Skip to main content

Again, on Mark 2:23-28

I think this is different enough to the "solutions" shared earlier to be worth a post. I'm afraid I haven't had a chance to absorb it yet, been reading too much today, so I can't say if I think he is on to something or not, but do let me know what you think :-)


James M. Hamilton Jr. in "The Typology of David's Rise to Power: Messianic Patterns in the Book of Samuel" JSBT 16, 2012, 4-25, at p13 writes,

Considering the way that Jesus appeals to the Davidic type in Mark 2:23-28, Goppelt draws attention to the way that Jesus not only makes a connection between himself and David in Mark 2:25, he also links his disciples to “those who were with [David].”70 This would seem to invite Mark’s audience to make other connections between those involved in these two events. Much discussion has been generated by the fact that Mark 2:26 portrays Jesus referring to “the time of Abiathar the high priest,” when it appears that at the time, Ahimelech would have been the high priest. Goppelt simply asserts: “Mark says Abiathar, but that is an error.” But perhaps there are typological forces at work here, too. David did interact with Ahime- lech in 1 Samuel 21:1-9, but Abiathar is the priest who escapes from Doeg’s slaughter (22:20). Could the reference to Abiathar be intentional? Could Mark be presenting Jesus as intentionally alluding to Abiathar’s escape from the slaughter of the priests ordered by Saul and carried out by Doeg the Edomite? Could this be a subtle way for Jesus to remind the Pharisees (“Have you never read,” Mark 2:25) that the opposition to David was wicked and murderous? If this is so, the typological connection suggested by the reference to Abiathar in Mark might be that just as Saul and Doeg opposed David and Abiathar’s household, so also the Pharisees are opposing Jesus and his followers.

He also cites Rikk E. Watts, “Mark,” in Commentary on the New Testament Use of the Old Tes- tament (ed. G. K. Beale and D. A. Carson; Grand Rapids: Baker, 2007), 141. Which I had read but long enough ago that I hadn't been paying attention to this question. He says:

If the point is to establish an authoritative precedent, then the actions of Abiathar, as Ahimelech’s son, in taking the ephod to David to become his chief priest and subsequent blessing underscore God’s affirmation of Ahimelech’s decision, his presence with David, and his abandonment of David’s opponent Saul. Not only are Jesus’ disciples justified, but also to oppose them (and, of course, Jesus) is to oppose both ‘David’ and ultimately God, who vindicated him and will also vindicate Jesus.

Comments

  1. Do we risk underestimating the cleverness, or the ease with which memory slips?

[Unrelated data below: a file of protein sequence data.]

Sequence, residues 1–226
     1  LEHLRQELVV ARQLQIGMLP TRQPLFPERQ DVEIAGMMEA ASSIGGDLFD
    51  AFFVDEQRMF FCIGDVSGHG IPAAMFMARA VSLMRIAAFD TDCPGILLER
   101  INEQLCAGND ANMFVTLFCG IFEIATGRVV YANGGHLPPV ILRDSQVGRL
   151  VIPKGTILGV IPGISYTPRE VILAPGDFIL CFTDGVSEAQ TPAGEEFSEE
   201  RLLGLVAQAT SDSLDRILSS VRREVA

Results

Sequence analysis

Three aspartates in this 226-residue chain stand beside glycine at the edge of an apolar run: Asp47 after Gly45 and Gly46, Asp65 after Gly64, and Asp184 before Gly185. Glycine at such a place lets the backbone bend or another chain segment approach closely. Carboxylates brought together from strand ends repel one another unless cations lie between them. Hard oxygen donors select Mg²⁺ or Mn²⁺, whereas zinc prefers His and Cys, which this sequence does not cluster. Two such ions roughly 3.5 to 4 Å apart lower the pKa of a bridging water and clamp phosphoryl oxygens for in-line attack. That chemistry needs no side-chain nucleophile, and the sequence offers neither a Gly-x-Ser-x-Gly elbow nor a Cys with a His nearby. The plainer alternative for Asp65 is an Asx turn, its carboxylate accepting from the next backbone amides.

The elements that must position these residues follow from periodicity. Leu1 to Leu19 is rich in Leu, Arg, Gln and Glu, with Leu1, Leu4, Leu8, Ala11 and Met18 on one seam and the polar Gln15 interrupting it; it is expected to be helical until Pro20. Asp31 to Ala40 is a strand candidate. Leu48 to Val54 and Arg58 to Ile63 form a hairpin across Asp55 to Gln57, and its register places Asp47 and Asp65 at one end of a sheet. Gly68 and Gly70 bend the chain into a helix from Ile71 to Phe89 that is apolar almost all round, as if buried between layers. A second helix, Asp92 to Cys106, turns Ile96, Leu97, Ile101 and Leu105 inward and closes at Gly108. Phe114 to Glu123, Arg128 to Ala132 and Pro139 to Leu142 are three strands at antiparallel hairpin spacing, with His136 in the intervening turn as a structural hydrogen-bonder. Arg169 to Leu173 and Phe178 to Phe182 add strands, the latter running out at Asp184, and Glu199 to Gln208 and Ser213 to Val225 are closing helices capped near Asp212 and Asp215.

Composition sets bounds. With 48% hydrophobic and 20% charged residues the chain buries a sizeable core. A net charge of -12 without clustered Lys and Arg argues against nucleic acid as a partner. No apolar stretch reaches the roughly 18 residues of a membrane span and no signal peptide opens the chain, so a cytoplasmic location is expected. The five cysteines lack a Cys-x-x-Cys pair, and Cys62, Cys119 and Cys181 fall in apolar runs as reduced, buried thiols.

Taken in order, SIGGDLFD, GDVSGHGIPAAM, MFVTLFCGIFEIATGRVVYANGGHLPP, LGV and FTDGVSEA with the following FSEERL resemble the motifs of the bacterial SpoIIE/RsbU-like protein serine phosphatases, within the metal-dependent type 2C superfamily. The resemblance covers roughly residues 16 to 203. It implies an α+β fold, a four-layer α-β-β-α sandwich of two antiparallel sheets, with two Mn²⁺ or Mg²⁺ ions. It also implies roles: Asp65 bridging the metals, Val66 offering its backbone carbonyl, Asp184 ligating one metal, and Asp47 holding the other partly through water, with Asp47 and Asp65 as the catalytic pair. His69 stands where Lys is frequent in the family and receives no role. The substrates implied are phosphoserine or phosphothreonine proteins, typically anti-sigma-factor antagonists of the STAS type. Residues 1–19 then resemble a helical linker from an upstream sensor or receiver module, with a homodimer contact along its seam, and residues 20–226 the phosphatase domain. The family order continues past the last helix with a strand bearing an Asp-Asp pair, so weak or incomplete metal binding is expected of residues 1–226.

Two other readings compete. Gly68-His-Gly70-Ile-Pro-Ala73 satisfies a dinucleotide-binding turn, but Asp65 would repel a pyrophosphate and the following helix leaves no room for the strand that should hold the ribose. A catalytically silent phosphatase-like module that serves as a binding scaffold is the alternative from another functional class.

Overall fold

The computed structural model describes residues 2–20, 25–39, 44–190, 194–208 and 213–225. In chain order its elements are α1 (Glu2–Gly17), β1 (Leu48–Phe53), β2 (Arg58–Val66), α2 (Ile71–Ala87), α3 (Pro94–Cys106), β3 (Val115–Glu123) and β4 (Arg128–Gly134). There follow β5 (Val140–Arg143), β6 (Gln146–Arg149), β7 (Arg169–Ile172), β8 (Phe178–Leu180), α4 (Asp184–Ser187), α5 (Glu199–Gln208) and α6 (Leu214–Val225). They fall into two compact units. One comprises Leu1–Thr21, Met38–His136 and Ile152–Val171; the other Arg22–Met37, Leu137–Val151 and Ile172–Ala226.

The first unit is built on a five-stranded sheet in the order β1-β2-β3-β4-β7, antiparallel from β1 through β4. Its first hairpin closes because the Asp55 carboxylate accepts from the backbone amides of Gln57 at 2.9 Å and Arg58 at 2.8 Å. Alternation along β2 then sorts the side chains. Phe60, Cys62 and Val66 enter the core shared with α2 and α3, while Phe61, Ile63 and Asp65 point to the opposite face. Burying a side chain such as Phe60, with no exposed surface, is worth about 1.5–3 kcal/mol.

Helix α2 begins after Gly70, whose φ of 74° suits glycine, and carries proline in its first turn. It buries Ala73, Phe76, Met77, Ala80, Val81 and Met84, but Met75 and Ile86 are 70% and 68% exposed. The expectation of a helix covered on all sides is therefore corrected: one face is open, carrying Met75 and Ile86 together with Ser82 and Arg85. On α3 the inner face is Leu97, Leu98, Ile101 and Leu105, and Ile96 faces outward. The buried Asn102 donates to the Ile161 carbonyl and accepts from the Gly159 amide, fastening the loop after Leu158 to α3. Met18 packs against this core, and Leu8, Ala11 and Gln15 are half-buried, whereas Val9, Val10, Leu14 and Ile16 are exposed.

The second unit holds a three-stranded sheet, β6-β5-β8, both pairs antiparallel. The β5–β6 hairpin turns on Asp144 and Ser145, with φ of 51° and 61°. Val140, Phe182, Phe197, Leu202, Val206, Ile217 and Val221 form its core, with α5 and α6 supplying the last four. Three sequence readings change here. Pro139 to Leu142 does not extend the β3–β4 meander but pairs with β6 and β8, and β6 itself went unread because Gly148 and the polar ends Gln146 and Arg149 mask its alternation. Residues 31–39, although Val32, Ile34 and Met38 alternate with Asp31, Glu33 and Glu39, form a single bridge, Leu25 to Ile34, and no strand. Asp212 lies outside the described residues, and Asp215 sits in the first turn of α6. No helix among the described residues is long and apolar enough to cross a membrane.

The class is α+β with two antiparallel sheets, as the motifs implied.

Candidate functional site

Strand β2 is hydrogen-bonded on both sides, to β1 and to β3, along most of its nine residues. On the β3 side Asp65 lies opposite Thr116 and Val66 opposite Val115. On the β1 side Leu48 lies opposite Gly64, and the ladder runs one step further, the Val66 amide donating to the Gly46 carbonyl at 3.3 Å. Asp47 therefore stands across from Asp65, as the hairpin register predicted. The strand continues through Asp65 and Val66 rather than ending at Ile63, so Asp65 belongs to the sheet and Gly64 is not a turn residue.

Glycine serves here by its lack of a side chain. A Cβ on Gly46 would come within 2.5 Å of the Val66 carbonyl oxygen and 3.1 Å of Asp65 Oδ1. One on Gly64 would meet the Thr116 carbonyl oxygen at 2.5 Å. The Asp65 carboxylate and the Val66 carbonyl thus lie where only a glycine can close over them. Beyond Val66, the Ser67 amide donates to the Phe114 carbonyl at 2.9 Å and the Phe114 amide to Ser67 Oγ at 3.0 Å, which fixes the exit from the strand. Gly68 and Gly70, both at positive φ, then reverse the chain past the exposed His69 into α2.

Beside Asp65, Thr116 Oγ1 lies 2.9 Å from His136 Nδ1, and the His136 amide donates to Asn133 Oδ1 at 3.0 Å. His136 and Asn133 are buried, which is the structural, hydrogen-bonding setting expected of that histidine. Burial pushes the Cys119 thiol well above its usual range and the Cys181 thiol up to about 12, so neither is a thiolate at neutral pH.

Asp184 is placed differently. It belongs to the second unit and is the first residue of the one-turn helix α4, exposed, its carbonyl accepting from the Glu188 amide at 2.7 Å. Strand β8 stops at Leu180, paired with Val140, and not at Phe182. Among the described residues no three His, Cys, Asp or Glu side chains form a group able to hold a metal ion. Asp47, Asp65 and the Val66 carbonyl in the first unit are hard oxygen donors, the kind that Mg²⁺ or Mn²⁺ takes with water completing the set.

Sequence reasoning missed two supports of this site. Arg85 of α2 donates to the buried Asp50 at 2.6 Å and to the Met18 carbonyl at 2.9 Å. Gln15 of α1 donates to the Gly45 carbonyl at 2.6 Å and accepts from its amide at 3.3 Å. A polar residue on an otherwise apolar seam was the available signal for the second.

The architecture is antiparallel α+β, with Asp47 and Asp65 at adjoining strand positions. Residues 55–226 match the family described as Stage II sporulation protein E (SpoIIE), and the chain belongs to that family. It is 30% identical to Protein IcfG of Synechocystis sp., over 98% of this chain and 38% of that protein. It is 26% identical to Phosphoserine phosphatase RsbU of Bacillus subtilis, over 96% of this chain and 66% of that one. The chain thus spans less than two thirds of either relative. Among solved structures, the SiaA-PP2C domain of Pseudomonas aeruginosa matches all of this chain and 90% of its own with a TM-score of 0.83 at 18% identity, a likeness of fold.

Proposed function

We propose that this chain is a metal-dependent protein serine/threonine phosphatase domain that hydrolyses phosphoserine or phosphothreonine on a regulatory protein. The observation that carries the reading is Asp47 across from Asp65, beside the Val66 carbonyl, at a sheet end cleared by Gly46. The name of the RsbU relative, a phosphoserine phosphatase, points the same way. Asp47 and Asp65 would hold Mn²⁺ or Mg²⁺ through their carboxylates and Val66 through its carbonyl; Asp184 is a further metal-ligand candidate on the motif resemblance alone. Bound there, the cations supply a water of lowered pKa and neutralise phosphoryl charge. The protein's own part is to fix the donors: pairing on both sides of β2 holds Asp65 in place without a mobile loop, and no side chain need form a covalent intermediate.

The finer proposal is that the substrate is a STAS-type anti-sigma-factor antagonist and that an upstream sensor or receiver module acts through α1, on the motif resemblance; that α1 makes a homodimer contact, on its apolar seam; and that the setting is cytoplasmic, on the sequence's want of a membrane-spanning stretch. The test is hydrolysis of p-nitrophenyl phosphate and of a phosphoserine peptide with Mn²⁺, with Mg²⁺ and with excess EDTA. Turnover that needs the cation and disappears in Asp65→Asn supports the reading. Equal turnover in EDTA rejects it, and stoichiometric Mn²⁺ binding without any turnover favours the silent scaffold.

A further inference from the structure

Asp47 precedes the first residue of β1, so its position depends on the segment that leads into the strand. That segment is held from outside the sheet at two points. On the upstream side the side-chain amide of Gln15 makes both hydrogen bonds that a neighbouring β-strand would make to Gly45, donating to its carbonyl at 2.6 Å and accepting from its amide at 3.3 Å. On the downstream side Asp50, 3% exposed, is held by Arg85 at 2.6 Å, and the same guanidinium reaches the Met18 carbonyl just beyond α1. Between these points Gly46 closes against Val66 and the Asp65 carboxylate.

ReplyDelete
    Replies
    1. PS and since Mark is part of a highly intertextual canon, does it matter?

      Delete

Post a Comment

Popular posts from this blog

ANZABS 2018 program and abstracts

ANZABS CONFERENCE 2018
6-7 December, 2018


Venue: Wesley Hall, Trinity Methodist College,

202A St Johns Rd, Meadowbank, Auckland 1072

Thursday 6 December
9.30 am – REGISTRATION
10.00-10.10 – mihi
10.10-11.00 – Keynote speaker: Robert Myles – Fishing for Eyewitnesses in the Fourth Gospel
11.00-11.30 – Morning tea
11.30-12.00 – Lyndon Drake – Economic Capital in the Hebrew Bible
12.00-12.30 – Anne Aalbers – Resurrection and Celibacy: Two Sides of the Same Coin?
12.30-1.00 – Jonathan Robinson – "And he was with the beasts," (Mark 1:13): Ambiguity,
Interpretation and Mark as a Jewish Author
1.00-2.00 – Lunch
2.00-2.30 – Ben Hudson – Ethical Exhortation and the Decalogue in Ephesians
2.30-3.00 – Csilla Saysell – The Servant as 'a covenant of/for people' in Deutero-Isaiah
3.00-3.30 – Afternoon tea
3.30-4.00 – Jacqueline Lloyd – Did Jesus minister in Gaulanitis?
4.00-4.30 – Mark Keown – Jesus as the New Joshua
4.30 – AGM
Friday 7 December
9.30-10.00 – Ben Ong – Pākehā Readin…

That one time Jesus got the Bible wrong

It's so typical isn't it? You are preaching all day long, training your disciples, sparring with the Pharisees, encouraging the poor and down trodden, healing the sick and casting out demons, all day, day after day, and even when you go up a mountain to get a rest the crowds hunt you down and follow you up, and then the one time you get a bit muddled up with some of the details of a biblical text . . . that is the one they write down in the first gospel - verbatim. At least Matthew and Luke had the good sense to do some editing. But Mark, he always had his eye on giving the public the "historical Jesus" whoever that is supposed to be . . . warts and all. Thanks a lot Mark!

Some think I made the mistake on purpose, just to show the Pharisees up.

For some there is no mistake worth mentioning, only a slightly ambiguous turn of phrase.

Others think I am doing something tricky with Abiathar's name, getting him to figuratively stand in for the priesthood.

It really has…

Updated Current Research and Book Reviews

So, my PhD must be going well because I have just spent the morning updating my blog pages for Current Research and brand spanking new Book Reviews page. But it is not just procrastination, it is good to stop and and get an overview.

I had totally forgotten about half the book reviews I had done on this blog, they go back to 2009! I am still working on writing the sort of reviews I really enjoy reading, but now that I'm regularly doing reviews for journals it is great to also review books on this blog where I have stylistic freedom and no space limitations. I had always hoped this blog would be a good source of free books, but while it was a source of free books they were not good ones. Reviewing for journals (as a PhD student) has been much better and is helping me keep my broader education going even as I delve deep into my PhD subject. Looking at my old book reviews helps me realise how far I have come. Hopefully, much growth as a blogger, scholar and human being (perhaps not i…